Essential guide to world of add-ons
Cloud-based resources are now the default (or only) option for many organisations and individuals, personally and professionally. Acceptance and adoption increased during lockdown, along with remote working. There is an extensive and expanding array of cloud technologies, products, services, software applications and providers to choose from.
How to access Essential guide to world of add-ons
This publication is free to download (below) for Tech Faculty members, Faculties Online and Digital Essentials subscribers. Non-members are able to purchase a copy at icaew.com/shop
Some of these do not need to, or cannot, easily communicate with each other. They stand alone. However, more and more cloud-based resources are created to be or to operate with add-ons; they are destined to be part of interconnected ecosystems of complementary components that can talk to each other, to share data and extend functionality.
This world of add-ons offers limitless combinations that can exceed the sum of their parts. Accounting and bookkeeping functionality, debt tracking, invoicing, payments, practice management, private banking data and public data such as maps, are just a few of the myriad resources which can become more useful and powerful as they become more interconnected.
It is getting easier to glue them together using APIs (application programming interfaces) and connectors. This enables data to be collected, analysed, queried and exchanged between separate cloud (and desktop) software; connecting people and processes to enhance collaboration and enable them to work more efficiently, effectively and flexibly.
This offers potential for even the smallest firm to embrace and exploit digital transformation. Building a unique infrastructure, by connecting components to, for example, refresh and reshape the firm, optimise processes and workflows, enhance services, develop new revenue streams, focus on niche sectors, solve problems and deliver benefits.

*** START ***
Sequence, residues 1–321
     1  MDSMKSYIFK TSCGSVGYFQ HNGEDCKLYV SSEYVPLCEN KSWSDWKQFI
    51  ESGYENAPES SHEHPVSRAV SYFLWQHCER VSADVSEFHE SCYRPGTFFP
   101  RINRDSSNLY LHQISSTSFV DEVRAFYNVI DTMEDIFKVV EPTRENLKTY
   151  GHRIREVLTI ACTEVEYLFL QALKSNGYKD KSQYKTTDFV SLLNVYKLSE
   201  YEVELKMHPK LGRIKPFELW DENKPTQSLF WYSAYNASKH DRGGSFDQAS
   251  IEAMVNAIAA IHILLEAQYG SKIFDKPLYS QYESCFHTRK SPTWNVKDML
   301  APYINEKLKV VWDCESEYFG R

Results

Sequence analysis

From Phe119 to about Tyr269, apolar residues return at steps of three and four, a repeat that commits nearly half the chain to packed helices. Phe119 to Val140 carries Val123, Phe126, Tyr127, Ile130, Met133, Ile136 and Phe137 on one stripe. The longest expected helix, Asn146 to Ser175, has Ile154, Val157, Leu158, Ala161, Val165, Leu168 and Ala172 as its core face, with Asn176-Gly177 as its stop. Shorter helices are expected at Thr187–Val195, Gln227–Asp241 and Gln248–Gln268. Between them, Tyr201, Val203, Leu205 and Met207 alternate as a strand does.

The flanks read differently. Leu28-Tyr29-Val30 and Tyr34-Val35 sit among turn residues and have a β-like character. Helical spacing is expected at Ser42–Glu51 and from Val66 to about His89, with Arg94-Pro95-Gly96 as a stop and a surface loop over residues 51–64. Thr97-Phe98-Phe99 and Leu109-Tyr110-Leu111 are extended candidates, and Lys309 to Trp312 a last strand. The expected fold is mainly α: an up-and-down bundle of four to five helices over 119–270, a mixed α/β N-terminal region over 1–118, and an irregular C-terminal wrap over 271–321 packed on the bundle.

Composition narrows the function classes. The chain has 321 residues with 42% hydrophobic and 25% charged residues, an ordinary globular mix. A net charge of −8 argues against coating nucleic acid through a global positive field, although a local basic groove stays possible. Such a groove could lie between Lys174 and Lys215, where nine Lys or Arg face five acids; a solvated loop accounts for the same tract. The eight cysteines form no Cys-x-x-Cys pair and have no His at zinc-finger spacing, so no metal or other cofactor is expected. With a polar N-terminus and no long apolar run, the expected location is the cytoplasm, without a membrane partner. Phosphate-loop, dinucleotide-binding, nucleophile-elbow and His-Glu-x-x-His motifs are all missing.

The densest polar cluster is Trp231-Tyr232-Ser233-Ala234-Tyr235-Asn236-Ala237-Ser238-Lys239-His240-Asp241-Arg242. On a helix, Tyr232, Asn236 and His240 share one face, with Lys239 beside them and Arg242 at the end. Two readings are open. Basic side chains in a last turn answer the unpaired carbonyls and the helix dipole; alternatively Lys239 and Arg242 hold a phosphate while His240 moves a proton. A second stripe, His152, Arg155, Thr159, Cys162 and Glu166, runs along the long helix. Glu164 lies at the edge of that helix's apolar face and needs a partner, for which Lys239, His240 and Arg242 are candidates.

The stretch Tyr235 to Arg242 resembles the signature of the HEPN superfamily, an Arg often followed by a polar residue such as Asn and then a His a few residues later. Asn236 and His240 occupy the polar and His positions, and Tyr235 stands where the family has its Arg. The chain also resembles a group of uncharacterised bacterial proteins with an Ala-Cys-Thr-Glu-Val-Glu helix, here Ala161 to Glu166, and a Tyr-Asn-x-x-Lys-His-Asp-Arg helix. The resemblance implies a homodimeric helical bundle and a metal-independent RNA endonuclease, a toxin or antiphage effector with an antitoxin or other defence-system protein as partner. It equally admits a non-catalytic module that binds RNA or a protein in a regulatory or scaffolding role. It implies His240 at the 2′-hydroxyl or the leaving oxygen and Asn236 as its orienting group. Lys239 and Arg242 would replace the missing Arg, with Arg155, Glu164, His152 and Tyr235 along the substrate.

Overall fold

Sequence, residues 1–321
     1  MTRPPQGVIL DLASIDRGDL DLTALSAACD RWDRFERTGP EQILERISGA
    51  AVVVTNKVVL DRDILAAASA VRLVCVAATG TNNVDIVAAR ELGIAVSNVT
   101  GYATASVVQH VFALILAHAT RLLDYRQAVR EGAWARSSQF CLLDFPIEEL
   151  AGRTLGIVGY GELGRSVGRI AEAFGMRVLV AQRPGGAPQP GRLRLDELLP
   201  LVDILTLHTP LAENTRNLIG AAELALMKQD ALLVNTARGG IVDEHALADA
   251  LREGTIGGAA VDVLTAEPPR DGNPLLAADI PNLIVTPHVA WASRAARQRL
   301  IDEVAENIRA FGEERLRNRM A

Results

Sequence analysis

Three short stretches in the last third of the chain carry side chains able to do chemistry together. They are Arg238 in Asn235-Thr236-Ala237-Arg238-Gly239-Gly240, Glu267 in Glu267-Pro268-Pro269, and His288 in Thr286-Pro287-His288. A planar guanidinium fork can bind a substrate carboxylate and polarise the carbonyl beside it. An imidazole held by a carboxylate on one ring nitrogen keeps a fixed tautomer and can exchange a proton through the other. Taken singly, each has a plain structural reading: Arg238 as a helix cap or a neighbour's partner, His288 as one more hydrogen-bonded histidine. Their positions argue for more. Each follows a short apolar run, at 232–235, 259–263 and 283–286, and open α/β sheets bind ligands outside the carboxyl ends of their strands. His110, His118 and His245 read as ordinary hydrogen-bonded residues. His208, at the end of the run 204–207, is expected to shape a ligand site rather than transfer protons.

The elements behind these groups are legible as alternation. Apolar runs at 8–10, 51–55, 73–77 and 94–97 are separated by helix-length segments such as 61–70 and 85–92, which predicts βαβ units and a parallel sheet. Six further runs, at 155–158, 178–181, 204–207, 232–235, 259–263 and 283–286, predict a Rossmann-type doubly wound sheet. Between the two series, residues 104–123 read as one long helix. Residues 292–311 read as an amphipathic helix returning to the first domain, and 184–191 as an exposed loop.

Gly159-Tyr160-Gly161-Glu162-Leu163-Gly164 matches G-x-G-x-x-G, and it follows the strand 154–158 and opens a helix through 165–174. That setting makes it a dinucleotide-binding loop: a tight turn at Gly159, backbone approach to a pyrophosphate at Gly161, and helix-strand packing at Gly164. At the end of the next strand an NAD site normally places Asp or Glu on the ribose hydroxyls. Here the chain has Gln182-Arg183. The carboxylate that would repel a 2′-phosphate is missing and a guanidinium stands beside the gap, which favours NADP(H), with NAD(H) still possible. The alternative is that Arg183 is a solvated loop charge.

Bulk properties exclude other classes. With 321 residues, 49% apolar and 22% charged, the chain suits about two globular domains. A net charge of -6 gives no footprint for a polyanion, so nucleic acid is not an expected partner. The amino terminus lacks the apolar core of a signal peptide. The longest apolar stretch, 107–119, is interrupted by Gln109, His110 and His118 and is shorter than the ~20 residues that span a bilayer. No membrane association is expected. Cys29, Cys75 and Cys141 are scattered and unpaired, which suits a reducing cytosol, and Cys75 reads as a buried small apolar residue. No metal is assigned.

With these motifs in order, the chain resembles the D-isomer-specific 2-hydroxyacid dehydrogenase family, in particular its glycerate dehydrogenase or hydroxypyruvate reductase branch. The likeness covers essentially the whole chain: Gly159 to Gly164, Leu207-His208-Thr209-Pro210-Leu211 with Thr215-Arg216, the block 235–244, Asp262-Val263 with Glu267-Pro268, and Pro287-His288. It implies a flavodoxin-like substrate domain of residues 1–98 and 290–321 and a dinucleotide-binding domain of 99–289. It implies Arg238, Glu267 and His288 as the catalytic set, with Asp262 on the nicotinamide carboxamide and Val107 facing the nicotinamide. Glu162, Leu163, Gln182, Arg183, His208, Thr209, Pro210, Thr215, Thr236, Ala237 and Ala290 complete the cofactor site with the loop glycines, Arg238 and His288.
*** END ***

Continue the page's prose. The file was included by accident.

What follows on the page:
The Essential guide to the world of add-ons offers glimpses of enormous possibilities. There are insights and practical tips from accountants and pointers on things to consider as you explore and plan. Then you can decide which applications and functionality matter most, and which add-ons will best extend them, to create an ecosystem (or IT infrastructure) to meet those needs.
Although every firm is different, they will share common considerations. Such as: software in use by your firm and clients, skill levels, sector-specifics, data ownership, how to build and manage your ecosystem, cost of ownership, strategies of key suppliers and how they facilitate and support connectivity and expansion in ecosystems they are part of.
This guidance will help to shape your thinking on what is possible with add-ons; formulate and clarify firm (and client) expectations; recognise limitations and set boundaries; identify potential benefits and hurdles. By making informed decisions, you can use the world of add-ons to achieve your aims – or even exceed them.